Review: The Croods (2013)

The Croods

It’s been a bumpy ride for DreamWorks Animation since its conception in the mid-90s. For every good film they released (Antz and Chicken Run), innumerable mediocre films followed (Shark Tale and Bee Movie). In recent years though, with the success of both the Shrek and Madagascar franchises and How To Train Your Dragon, they’ve displayed what they’re truly capable of. With their recent release The Croods, however, it seems as though they’ve misplaced some of that spark.

The Croods – Grug (Nicolas Cage), Ugga (Catherine Keener), Eep (Emma Stone), Thunk (Clark Duke) and Gran (Cloris Leachman)- are a mismatched prehistoric family who spend their lives confined to a rocky cave dwelling, foraging outside only for food and brief infusions of sunlight. However, when Eep, during a moment of sheer recklessness, crosses paths with Guy (Ryan Reynolds), The Croods must come to the realisation that the world is changing rapidly around them if they hope to survive.

The idea behind The Croods (it was originally meant to be an Aardman film) – that the world is constantly changing and we have to embrace it rather than rebel against it – is a decent enough foundation for which to build a successful kids film around. However, in the hands of co-writers and co-directors Chris Sanders and Kirk De Micco, the messages are left entirely unclear, with notions too convoluted and unclear for the audience to unravel at the speed to which the film progresses.

The narrative, too, is filled with plot-holes as it blunders along as – almost in succession of one another – each character has a life-changing epiphany. As it reaches its midway point, it becomes clear that even Sanders and De Micco are unsure of their overall intentions, with an uneasy blend of reality and fantasy encapsulating the poorly planned feel the film possesses  (It’s like it’s set during the dawn of the prehistoric age, yet one that’s populated by completely fabricated Avatar-like creatures).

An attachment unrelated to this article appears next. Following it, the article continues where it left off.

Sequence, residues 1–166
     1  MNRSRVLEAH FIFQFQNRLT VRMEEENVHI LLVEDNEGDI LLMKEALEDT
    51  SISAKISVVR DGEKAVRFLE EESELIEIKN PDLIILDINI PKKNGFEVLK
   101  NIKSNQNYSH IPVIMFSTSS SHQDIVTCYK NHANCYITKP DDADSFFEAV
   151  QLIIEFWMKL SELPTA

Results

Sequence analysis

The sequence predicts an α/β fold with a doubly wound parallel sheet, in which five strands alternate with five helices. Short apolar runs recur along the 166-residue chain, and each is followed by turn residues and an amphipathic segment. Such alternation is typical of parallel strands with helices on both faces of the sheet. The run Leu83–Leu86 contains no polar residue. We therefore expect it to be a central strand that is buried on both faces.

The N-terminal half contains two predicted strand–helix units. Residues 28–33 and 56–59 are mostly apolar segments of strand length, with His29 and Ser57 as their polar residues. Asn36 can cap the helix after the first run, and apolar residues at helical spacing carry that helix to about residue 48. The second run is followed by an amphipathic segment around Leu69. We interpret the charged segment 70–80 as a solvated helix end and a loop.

Thankfully, and much to the merit of the animators and voice actors, there’s some mild enjoyment to be had amongst the wreckage. The design of the film is hugely impressive, particularly when it comes to the rendering of surfaces (dust-covered plains, rich forests and deep seas are all covered), and there’s some stunning vista shots that perfectly highlight the technical wizardry of CGI. With their voices, the entire cast add a level of excitement to the disorientating narrative.

DreamWorks Animation are sure to take a hit with The Croods. It’s not that it’s overtly terrible (the animation is, as ever, first rate), it’s more that even for its target audience, it’s much too confusing and heavy on allegory to follow. What’s more – and the thing that’s most disappointing – is that it feels like a poor man’s version of Blue Sky Studio’s original hit Ice Age, which is now more than ten years old. Next time, replace religious allegories with unique gags and an inspiring plot.

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